The Sacramento Choral Calendar
Sacramento Valley Concert Choir
Jingle Bell Bach! - December 16, 2014
by Dick Frantzreb
It was a very rainy Tuesday night, but a nice crowd was present at the Arden Christian Church when the Sacramento Valley Concert Choir signaled the beginning of their concert by proceeding down the aisles to the risers at the front of the church. They were wearing all black outfits with red accents: ties, suspenders, shawls, scarves, necklaces, etc. My first thought about this choir was joy to see their numbers. There were 66 of them. This was my first time to hear them perform, and I had been assuming they were a much smaller choir. Another surprise was the generous sprinkling of young (under 40) singers.
There are many interesting facts about the Sacramento Valley Concert Choir. For one thing, they have been in existence since 1969. For another, they are non-auditioned. That opens the door for singers of all abilities, but as I listened to them during the performance, they didn’t sound like a non-auditioned chorus. (They sounded great.) One other notable thing about them is that they don’t have the performance schedule of the typical chorus. As their website explains, their principal purpose is “to provide musical entertainment as a service to charitable, religious, community, and educational institutions, as well as to retirement residence facilities.” Many of these performances are private. In fact, tonight’s concert was one of only 2 public performances out of 7 in the month of December.
The concert began with a selection from Bach’s “Magnificat” (Magnificat in D, BWV 243). This was a difficult piece with a lot of runs that were well executed by the different voice parts. The group was clearly well rehearsed, and what’s more, they sang with spirit. Something else I noticed was the crispness of their delivery. It’s pretty clear that that traces to the animated and expressive directing of Jim Parr, Jr.
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The first piece had a piano accompaniment (masterfully done by pianist Jason Sia), but the next 3 pieces were performed a cappella. This is a risk for any chorus, but throughout the interesting arrangement of “O Come, All Ye Faithful,” and for the selections that followed, I didn’t perceive any sagging in pitch. That was good for the basses and altos who seemed to be singing near the bottom of their range. And although the basses and tenors of the chorus were significantly outnumbered by the sopranos and altos, I felt they held their own, with good balance throughout the concert.
The fifth piece on the program was an interplay between “Jingle Bells” and “Jingle Bell Rock,” and the choir’s fun in singing it was infectious. There were a lot of smiles and moving around, but in addition to the flair with which they sang, I was conscious of a good blend in the music they produced.
I’ll confess that my favorite piece of the night was “No One’s Perfect.” This was performed a cappella by a 16-member ensemble. The song was full of musical jokes, suggesting that even professional choruses can make mistakes. Allan Sherman’s lyrics referenced the Norman Luboff Choir, the Mormon Tabernacle Choir, Fred Waring and the Pennsylvanians, the Ray Charles Singers, and the Robert Shaw Chorale. That was all good for me and everyone else in the choir or audience who was over 60. But in a nod to the younger set, they had lyrics that referred to Ralph Hughes and the Sacramento Master Singers and to Donald Kendrick and the Sacramento Choral Society and Orchestra. They were respectful references but were an absolutely hilarious surprise. I should add that the song itself required the singers to hit sour notes in chords and make all sorts of musical gaffes. I think it must have been terribly difficult to do because these were clearly excellent singers: it’s hard for a good singer to sing badly.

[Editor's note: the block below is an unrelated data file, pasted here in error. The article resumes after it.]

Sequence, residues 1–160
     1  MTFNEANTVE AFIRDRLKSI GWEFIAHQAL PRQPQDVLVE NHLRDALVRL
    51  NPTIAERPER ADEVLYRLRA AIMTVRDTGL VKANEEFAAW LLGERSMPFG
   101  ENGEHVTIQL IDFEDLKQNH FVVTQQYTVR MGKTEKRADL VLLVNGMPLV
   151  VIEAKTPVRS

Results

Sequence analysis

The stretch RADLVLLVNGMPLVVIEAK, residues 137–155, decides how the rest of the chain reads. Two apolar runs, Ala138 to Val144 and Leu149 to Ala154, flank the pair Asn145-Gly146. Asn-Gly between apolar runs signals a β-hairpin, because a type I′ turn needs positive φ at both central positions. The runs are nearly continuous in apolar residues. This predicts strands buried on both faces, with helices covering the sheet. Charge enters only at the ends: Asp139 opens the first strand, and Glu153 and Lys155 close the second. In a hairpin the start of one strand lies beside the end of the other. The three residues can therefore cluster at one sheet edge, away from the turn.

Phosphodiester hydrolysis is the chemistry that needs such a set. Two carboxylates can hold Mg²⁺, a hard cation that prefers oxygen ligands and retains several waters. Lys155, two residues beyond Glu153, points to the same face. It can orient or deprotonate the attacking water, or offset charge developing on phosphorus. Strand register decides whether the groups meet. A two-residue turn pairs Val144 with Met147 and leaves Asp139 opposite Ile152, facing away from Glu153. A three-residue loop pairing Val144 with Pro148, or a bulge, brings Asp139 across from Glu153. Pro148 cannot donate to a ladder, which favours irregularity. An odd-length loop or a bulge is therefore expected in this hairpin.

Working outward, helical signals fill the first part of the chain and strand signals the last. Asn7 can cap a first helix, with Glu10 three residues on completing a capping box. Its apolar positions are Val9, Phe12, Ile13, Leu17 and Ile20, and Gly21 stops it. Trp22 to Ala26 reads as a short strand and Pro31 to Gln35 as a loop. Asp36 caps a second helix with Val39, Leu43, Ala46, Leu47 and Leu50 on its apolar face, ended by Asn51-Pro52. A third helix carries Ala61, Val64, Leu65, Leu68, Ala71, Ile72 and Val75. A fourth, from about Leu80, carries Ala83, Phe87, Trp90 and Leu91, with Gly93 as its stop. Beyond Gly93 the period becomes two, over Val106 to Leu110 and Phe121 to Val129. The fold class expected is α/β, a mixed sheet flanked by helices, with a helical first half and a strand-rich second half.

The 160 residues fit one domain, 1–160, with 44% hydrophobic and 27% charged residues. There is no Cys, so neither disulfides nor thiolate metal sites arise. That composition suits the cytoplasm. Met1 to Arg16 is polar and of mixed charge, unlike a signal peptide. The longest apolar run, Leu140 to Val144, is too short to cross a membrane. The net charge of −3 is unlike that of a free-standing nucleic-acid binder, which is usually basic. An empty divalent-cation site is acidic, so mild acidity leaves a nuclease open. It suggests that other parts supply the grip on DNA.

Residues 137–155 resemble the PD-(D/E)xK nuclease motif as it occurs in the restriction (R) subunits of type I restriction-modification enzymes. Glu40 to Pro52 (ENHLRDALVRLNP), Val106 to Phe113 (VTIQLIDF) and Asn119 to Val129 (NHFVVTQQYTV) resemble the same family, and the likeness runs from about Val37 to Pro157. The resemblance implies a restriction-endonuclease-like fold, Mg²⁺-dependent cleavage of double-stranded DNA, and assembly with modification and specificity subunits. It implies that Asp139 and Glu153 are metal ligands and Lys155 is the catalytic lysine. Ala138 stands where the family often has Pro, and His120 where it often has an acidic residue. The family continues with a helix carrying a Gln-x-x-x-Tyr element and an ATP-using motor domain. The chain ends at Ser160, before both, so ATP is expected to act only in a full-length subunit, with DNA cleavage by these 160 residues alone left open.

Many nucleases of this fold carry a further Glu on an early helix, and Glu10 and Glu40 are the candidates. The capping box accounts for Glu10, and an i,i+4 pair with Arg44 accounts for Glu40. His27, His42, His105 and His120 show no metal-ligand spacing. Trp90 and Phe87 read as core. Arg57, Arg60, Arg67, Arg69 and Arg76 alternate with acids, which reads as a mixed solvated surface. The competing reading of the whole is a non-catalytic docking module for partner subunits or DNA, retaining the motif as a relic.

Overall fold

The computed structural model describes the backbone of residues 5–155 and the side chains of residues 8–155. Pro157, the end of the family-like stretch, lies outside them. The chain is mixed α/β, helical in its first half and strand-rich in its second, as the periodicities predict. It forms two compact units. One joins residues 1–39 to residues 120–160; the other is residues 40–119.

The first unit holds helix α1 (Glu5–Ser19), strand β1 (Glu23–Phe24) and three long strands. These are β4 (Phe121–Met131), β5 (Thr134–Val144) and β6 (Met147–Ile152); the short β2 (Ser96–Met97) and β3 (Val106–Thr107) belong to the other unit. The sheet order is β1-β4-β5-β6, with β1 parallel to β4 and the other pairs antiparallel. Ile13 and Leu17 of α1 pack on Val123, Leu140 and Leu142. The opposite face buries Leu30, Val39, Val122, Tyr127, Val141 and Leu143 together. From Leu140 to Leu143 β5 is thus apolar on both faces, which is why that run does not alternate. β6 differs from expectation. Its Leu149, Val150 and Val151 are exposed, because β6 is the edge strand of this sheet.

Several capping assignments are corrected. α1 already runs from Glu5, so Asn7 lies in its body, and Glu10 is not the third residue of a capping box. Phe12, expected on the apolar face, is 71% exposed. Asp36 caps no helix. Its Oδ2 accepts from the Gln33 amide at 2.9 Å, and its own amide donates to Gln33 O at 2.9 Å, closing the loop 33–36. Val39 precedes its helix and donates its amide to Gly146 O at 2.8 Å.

After an entertaining performance of “Masters in This Hall,” chorus member Anita Jump came forward to introduce “Light One Candle.” It was essentially an explanation of the origin of this song and of Hanukkah, often called the Festival of Lights. After she finished, the choir, with piano accompaniment, performed this interesting piece, singing with passion, especially the often-repeated line “Don’t let the light go out.”
Next was an interesting arrangement of “O Holy Night,” with a hint of “Jesu, Joy of Man’s Desiring.” Then the choir gave a reprise of the Magnificat that had started this brief, 45-minute concert. The festivities weren’t over, though. This public Christmas performance is a tradition for the Sacramento Valley Concert Choir, a tradition that includes a Christmas carol sing-along. Choir members dispersed into the audience, giving out words-only booklets of Christmas carols. Then with a choir member leading the singing and taking requests, and with Jason Sia still at the piano, we spent the next 20 minutes singing about 8 or 10 carols. It was great fun, topped off by refreshments and conversation in the nearby social hall of the church. In all, it was one of the nicest traditions of the season that I’ve encountered.